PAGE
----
IPS officer's letter puts govt in a fix
KOLKATA : Mamata Banerjee's blue-eyed officer has put the Buddhadeb Bhattacharjee government in a fix.
Nazrul Islam, known to be a no-nonsense officer from the Bengal cadre and hand-picked by Mamata as executive director (security) Railway Board, has shot off a letter to the CM and his home department.
He has sought to know why the government has not paid him Rs 50,000 as ordered by the West Bengal Information Commission (WBIC). He also wants an explanation on the vigilance inquiry against him, based on an anonymous letter alleging that Islam had amassed disproportionate assets. The other important question is whether the state government has adhered to a high court order deducting Re 1 from the salary of the vigilance commissioner who had conducted the inquiry.
Islam first upset the government with a controversial book on his experience as an IPS officer trying to keep the force "insulated from the CPM's political machinery." And now his letter has put Writers' Buildings in a fix.
It's the first question that is bothering the government most. Writers' Buildings is in no mood to pay up the Rs 50,000 compensation. "The home department has sought the law department's views whether there is provision for moving court against the commission's order," said a home department official. State legal remembrancer and law secretary K Y S Manhas was tight-lipped. "This is our internal matter. We cannot talk about it," he said. Former state information commissioner Arun Bhattacharya, who has recently retired, said, "I remember passing such an order, but can't say whether the government can move court against it."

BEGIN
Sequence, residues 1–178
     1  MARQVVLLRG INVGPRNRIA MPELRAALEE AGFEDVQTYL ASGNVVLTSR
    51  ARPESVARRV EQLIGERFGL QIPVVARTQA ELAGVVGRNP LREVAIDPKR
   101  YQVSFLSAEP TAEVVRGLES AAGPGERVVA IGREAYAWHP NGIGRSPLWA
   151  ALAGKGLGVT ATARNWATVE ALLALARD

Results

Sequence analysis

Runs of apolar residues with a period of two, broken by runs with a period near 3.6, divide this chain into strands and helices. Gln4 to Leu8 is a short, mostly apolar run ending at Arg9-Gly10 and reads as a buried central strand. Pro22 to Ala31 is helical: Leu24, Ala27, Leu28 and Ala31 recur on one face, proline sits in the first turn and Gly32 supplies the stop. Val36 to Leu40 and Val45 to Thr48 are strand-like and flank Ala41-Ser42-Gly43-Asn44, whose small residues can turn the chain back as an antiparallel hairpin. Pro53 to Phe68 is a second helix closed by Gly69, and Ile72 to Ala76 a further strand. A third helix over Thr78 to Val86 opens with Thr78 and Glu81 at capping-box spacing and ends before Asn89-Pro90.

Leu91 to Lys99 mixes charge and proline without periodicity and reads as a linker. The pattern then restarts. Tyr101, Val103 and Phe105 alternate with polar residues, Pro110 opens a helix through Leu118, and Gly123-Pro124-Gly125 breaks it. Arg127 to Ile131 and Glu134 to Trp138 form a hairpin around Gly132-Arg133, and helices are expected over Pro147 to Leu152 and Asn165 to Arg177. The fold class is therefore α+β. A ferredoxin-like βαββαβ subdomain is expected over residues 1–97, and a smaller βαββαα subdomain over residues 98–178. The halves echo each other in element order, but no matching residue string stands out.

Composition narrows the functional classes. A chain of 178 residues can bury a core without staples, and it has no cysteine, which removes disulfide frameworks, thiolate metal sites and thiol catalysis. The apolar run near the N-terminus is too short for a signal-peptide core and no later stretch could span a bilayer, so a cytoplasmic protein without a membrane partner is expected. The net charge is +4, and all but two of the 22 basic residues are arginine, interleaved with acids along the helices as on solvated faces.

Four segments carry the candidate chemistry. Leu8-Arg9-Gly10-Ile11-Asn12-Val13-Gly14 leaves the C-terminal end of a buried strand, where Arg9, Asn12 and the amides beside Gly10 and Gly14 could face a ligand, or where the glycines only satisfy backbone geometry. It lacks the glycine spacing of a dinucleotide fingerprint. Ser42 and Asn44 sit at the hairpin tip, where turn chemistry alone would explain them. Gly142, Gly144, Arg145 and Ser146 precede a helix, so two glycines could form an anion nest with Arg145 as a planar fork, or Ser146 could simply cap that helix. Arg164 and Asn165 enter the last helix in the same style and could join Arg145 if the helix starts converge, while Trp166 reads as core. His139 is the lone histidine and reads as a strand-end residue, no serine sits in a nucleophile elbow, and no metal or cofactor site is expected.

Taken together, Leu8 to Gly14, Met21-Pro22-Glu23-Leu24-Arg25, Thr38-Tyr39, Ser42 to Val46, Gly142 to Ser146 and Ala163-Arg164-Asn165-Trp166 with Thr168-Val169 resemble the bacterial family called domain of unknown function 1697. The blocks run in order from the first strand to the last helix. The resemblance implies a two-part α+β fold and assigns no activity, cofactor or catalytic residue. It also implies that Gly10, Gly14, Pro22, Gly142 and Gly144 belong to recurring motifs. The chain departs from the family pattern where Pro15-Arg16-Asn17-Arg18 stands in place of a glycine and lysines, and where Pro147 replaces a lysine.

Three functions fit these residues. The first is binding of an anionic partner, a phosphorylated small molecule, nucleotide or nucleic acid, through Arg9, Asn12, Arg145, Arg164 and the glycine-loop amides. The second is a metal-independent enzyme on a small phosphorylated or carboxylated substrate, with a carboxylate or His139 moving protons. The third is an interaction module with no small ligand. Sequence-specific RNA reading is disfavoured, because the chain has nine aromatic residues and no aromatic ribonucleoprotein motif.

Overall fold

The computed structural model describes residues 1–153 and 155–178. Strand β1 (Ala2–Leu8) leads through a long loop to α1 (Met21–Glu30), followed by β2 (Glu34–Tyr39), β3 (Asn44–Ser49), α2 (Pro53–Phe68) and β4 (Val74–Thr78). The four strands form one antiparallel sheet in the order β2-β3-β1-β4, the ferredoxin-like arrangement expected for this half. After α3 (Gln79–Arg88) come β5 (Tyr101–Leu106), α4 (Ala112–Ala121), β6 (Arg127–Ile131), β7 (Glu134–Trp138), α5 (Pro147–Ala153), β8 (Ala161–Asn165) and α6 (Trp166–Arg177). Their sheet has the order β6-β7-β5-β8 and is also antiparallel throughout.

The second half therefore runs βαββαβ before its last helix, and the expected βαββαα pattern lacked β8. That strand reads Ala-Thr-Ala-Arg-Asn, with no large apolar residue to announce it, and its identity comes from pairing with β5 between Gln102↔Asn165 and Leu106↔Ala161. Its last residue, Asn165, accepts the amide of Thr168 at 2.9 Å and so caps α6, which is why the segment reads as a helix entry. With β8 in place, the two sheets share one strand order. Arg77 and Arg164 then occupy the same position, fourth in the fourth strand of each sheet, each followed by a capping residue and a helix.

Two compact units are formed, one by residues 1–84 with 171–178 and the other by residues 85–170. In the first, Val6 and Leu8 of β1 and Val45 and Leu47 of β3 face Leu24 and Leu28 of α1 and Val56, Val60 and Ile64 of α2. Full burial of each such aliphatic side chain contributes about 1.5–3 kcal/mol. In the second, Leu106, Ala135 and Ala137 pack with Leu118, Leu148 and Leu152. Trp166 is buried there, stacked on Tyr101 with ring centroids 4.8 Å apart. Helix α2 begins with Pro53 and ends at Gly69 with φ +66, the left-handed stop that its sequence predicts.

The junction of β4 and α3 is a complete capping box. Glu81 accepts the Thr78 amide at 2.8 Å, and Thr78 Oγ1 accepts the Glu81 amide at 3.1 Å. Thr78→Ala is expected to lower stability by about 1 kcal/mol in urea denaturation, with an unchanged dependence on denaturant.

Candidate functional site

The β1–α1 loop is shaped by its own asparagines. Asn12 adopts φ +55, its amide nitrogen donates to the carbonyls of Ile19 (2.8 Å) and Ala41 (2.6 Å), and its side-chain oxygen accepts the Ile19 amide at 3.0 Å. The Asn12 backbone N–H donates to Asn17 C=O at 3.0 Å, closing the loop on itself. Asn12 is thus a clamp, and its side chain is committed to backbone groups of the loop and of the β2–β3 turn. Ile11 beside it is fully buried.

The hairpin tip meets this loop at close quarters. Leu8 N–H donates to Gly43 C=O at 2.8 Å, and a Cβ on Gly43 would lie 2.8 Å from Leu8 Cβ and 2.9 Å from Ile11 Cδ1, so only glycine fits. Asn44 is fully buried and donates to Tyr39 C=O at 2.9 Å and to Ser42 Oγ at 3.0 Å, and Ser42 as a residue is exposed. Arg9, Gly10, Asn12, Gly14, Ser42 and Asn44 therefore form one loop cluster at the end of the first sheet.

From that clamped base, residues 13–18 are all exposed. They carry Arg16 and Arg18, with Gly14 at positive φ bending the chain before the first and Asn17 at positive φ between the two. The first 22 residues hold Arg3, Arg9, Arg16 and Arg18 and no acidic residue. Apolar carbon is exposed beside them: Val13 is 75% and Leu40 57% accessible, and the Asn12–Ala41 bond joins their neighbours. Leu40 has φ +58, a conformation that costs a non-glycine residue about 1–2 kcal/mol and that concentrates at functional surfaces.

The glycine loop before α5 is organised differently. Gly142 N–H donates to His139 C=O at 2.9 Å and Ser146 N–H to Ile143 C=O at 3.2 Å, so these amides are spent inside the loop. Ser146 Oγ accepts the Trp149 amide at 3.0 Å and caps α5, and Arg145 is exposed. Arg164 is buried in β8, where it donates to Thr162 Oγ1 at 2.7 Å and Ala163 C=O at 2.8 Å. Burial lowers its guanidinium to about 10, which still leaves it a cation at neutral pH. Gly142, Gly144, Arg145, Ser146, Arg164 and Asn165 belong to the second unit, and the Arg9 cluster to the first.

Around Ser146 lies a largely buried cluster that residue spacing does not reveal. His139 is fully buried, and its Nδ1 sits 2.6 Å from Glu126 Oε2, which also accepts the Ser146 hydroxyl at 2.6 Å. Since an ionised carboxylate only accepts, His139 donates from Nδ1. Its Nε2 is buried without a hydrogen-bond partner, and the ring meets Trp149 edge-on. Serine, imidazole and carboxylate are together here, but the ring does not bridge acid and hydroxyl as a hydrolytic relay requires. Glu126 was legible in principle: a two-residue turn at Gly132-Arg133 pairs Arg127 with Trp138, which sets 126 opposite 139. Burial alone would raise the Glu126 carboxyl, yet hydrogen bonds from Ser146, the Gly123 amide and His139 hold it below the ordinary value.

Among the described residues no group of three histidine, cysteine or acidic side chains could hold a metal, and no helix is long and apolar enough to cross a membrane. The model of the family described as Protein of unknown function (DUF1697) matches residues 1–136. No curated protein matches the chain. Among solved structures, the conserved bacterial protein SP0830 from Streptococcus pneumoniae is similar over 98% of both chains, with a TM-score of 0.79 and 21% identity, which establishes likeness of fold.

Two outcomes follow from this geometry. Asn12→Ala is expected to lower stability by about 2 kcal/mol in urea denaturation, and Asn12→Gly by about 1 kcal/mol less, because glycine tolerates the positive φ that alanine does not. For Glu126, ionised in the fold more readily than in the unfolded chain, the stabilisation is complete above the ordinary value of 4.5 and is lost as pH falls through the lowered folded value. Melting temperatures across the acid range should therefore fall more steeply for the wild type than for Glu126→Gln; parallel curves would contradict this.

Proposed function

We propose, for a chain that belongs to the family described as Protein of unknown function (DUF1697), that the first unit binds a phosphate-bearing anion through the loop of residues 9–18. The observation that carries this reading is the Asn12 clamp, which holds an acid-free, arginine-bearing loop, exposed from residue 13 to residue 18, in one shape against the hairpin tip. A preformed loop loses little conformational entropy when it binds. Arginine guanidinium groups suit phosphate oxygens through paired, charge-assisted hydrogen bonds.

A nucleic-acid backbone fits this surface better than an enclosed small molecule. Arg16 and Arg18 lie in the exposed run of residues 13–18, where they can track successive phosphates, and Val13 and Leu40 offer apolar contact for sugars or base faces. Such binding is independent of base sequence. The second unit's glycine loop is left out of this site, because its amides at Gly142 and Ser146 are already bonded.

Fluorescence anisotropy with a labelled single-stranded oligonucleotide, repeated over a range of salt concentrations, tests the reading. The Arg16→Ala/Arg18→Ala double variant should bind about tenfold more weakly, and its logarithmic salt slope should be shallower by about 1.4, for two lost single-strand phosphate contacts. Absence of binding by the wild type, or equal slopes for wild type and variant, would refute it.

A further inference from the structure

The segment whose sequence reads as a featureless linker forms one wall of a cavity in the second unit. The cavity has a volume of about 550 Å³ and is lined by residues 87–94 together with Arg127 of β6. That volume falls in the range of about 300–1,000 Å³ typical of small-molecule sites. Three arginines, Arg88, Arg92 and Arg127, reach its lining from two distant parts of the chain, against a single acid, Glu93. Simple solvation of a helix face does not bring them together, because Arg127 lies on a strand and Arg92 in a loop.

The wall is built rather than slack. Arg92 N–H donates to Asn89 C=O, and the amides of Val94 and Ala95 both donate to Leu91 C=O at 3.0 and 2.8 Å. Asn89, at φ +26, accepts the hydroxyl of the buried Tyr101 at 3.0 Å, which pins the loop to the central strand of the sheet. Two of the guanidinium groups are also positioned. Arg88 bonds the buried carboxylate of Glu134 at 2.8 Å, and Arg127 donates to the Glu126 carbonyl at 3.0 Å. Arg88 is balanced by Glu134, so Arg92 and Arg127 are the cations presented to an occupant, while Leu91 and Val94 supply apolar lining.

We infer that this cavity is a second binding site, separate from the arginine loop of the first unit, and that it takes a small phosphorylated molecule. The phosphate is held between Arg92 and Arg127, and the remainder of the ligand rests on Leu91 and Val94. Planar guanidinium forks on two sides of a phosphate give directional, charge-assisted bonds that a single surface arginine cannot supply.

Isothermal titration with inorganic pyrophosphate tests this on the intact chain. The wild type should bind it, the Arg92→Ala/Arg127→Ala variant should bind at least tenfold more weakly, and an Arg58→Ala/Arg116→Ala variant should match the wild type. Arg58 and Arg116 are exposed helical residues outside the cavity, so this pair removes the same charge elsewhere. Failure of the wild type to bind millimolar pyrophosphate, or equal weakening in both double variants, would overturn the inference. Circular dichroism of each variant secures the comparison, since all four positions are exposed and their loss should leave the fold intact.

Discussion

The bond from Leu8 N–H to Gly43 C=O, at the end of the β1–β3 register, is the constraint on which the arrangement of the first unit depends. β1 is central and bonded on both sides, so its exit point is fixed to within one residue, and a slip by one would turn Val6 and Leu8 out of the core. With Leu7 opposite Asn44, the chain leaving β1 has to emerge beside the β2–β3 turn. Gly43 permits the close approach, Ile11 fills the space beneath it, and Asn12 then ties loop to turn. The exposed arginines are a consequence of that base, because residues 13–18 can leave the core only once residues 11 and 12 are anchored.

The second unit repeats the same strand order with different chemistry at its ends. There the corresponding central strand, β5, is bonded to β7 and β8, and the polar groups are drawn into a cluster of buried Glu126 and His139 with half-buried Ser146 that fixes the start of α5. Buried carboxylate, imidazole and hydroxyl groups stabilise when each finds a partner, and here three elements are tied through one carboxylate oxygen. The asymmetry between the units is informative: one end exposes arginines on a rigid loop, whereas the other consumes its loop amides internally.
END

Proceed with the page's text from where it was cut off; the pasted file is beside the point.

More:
WBIC passed the order a year ago when Islam was ADG (traffic). On June 4, 2007, Islam had filed his RTI petition seeking information on the vigilance inquiry against him. When he received no reply in the next 30 days, Islam filed his second petition in August 2007, but the commission didn't hear his matter. Islam had sent nearly two dozen reminders, but in vain. He then moved Calcutta High Court and on August 27, 2009, the court directed WBIC to dispose of the appeals within four weeks.
Finally, the commission started proceedings and passed the order on December 15, 2009, censuring the home department: "The commission considers that the home department being one of the most important departments shall have to pay a price for such procrastination."
Islam had moved court against his own vigilance case and on June 25, 2008, Justice S P Talukdar directed the state government to pay Re 1 as compensation to Islam for initiating an "illegal" vigilance inquiry. It also asked the government to hold the officer responsible for initiating the "illegal" case against Nazrul, then Inspector General (welfare). During the hearings, Prasad Roy, then state home secretary, conceded that the vigilance inquiry had not been initiated as per law making the court dub the vigilance probe as "inherently illegal."
The judge directed that the compensation (Re 1) be deducted from the salary of the errant officer and be paid to Islam in four weeks. Following the order, the state government issued a cheque of Re 1 to Islam in July the amount had come from the state treasury and the government chose not to identify the individual responsible for Islam's harassment.